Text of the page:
The bottom line is that jazz can be intimidating. I am still apprehensive about lots of jazz music, unsure if I will be able to understand it in the way it should be, or simply uninterested in trying at times. But the reality is that any music can be intimidating if you are intent upon seeing it in terms of its past, its fundamental elements, its context in the present, its performance, the theory behind it, and who happens to be playing it. The difference is that the casual listener may start from the assumption that they need to know things that they don't in order to appreciate jazz, and we don't have that criterion for most other types of music.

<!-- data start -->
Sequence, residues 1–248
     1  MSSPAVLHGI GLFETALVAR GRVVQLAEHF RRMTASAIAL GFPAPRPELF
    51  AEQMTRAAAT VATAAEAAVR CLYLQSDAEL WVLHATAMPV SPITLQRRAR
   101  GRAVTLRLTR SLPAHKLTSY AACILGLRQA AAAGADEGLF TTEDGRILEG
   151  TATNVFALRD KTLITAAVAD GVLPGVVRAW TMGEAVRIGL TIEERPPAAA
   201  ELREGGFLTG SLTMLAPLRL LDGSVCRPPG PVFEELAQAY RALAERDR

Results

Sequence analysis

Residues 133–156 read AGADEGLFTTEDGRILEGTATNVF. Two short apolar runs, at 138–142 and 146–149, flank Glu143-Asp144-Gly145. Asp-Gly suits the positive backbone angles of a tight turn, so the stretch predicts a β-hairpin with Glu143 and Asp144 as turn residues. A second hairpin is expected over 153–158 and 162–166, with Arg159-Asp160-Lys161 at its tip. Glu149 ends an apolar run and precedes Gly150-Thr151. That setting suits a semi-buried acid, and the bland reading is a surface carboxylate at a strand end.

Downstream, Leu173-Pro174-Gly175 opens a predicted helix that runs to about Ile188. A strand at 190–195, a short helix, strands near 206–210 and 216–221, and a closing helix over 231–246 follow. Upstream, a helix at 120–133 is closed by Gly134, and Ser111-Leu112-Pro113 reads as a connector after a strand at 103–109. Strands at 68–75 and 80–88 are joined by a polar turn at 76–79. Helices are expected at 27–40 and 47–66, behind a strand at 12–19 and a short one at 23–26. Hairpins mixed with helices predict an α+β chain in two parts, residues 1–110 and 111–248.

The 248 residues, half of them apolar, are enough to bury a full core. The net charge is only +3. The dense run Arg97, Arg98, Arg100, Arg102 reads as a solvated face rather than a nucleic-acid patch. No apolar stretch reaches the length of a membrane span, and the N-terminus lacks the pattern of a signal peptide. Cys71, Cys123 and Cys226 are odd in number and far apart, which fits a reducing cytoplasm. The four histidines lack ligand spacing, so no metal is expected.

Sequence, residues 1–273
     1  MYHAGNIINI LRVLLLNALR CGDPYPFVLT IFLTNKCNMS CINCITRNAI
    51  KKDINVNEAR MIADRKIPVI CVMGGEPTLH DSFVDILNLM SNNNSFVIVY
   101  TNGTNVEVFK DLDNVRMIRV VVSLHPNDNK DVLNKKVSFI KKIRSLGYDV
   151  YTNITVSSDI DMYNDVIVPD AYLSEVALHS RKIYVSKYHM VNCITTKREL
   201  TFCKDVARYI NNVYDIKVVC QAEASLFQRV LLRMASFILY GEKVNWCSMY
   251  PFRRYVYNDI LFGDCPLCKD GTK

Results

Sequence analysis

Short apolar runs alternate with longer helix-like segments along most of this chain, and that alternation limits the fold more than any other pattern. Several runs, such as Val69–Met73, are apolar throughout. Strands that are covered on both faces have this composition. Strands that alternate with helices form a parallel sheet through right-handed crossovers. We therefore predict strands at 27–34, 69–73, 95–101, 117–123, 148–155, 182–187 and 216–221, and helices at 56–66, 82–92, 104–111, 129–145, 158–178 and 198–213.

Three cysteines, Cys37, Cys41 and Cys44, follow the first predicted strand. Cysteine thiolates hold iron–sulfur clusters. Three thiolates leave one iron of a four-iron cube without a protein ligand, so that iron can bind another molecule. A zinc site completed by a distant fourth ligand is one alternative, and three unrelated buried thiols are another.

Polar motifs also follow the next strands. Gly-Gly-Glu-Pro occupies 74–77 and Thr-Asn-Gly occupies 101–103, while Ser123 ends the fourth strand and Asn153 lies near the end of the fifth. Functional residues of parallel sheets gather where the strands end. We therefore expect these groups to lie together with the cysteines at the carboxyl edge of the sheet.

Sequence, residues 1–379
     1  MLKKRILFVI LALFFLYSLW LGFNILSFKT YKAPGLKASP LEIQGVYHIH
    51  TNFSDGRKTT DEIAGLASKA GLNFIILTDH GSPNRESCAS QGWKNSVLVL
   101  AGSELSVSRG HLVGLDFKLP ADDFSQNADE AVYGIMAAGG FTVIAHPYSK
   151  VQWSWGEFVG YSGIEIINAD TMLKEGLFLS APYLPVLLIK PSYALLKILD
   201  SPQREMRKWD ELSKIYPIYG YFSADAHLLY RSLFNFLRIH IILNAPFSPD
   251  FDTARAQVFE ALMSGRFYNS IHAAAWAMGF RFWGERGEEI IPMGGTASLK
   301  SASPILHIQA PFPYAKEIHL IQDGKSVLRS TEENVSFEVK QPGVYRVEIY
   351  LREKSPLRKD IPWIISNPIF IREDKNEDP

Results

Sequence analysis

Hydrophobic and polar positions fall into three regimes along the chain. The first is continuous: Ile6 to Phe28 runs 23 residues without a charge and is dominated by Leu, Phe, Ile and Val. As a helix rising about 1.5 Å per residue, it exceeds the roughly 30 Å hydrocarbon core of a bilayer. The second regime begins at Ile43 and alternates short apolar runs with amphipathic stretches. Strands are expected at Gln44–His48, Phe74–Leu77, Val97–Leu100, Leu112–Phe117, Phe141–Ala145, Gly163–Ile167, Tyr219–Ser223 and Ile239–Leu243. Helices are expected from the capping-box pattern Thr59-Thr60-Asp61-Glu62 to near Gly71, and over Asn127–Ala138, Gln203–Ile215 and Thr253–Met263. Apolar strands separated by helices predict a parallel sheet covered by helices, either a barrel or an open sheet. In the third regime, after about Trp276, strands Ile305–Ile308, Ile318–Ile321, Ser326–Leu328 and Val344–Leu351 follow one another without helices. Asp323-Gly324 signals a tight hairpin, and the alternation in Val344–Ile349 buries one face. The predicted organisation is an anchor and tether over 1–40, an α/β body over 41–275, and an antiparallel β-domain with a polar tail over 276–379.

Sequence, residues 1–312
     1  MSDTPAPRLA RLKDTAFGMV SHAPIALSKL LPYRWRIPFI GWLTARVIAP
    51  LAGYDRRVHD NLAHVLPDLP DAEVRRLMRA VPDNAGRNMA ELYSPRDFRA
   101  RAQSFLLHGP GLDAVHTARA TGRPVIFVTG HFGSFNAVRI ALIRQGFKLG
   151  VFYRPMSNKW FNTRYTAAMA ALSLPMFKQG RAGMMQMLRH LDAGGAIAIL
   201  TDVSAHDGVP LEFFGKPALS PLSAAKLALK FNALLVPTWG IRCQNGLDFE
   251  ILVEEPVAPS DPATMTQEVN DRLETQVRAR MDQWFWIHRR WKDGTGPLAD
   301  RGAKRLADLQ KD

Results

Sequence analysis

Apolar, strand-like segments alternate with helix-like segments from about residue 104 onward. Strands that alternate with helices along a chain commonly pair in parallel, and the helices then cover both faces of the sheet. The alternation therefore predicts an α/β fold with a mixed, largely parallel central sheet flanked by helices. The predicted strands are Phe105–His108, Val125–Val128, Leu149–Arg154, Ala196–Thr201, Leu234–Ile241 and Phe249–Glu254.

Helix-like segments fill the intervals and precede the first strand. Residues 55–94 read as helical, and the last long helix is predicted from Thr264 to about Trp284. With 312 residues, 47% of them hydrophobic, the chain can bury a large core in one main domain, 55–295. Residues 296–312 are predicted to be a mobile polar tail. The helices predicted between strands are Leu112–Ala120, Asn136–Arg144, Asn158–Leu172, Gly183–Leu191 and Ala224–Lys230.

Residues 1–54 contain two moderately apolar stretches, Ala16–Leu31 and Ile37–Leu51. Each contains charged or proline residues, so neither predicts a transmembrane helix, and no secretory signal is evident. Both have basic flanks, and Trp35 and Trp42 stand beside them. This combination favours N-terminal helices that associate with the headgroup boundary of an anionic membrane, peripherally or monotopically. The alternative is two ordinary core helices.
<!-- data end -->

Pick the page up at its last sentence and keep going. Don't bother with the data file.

Your mileage may vary with everything laid out here. As I said at the outset, this is not about educating anyone or pushing a jazz-heavy listening agenda - the level of presumption it would take to do either frankly makes me a little nauseous just thinking about it. The only goal here is to make sure you know that the door is always open for jazz. There isn't a padlock on it that you need a combination for or a secret word you need to get past the doorman. The bass is thrumming, the room is palpable with darkness and movement, the ladies are dolled up and the fellas are tapping their feet while they enjoy a single-malt beverage. Should you want to, all you need to do is walk right in. I think you'll like it in here.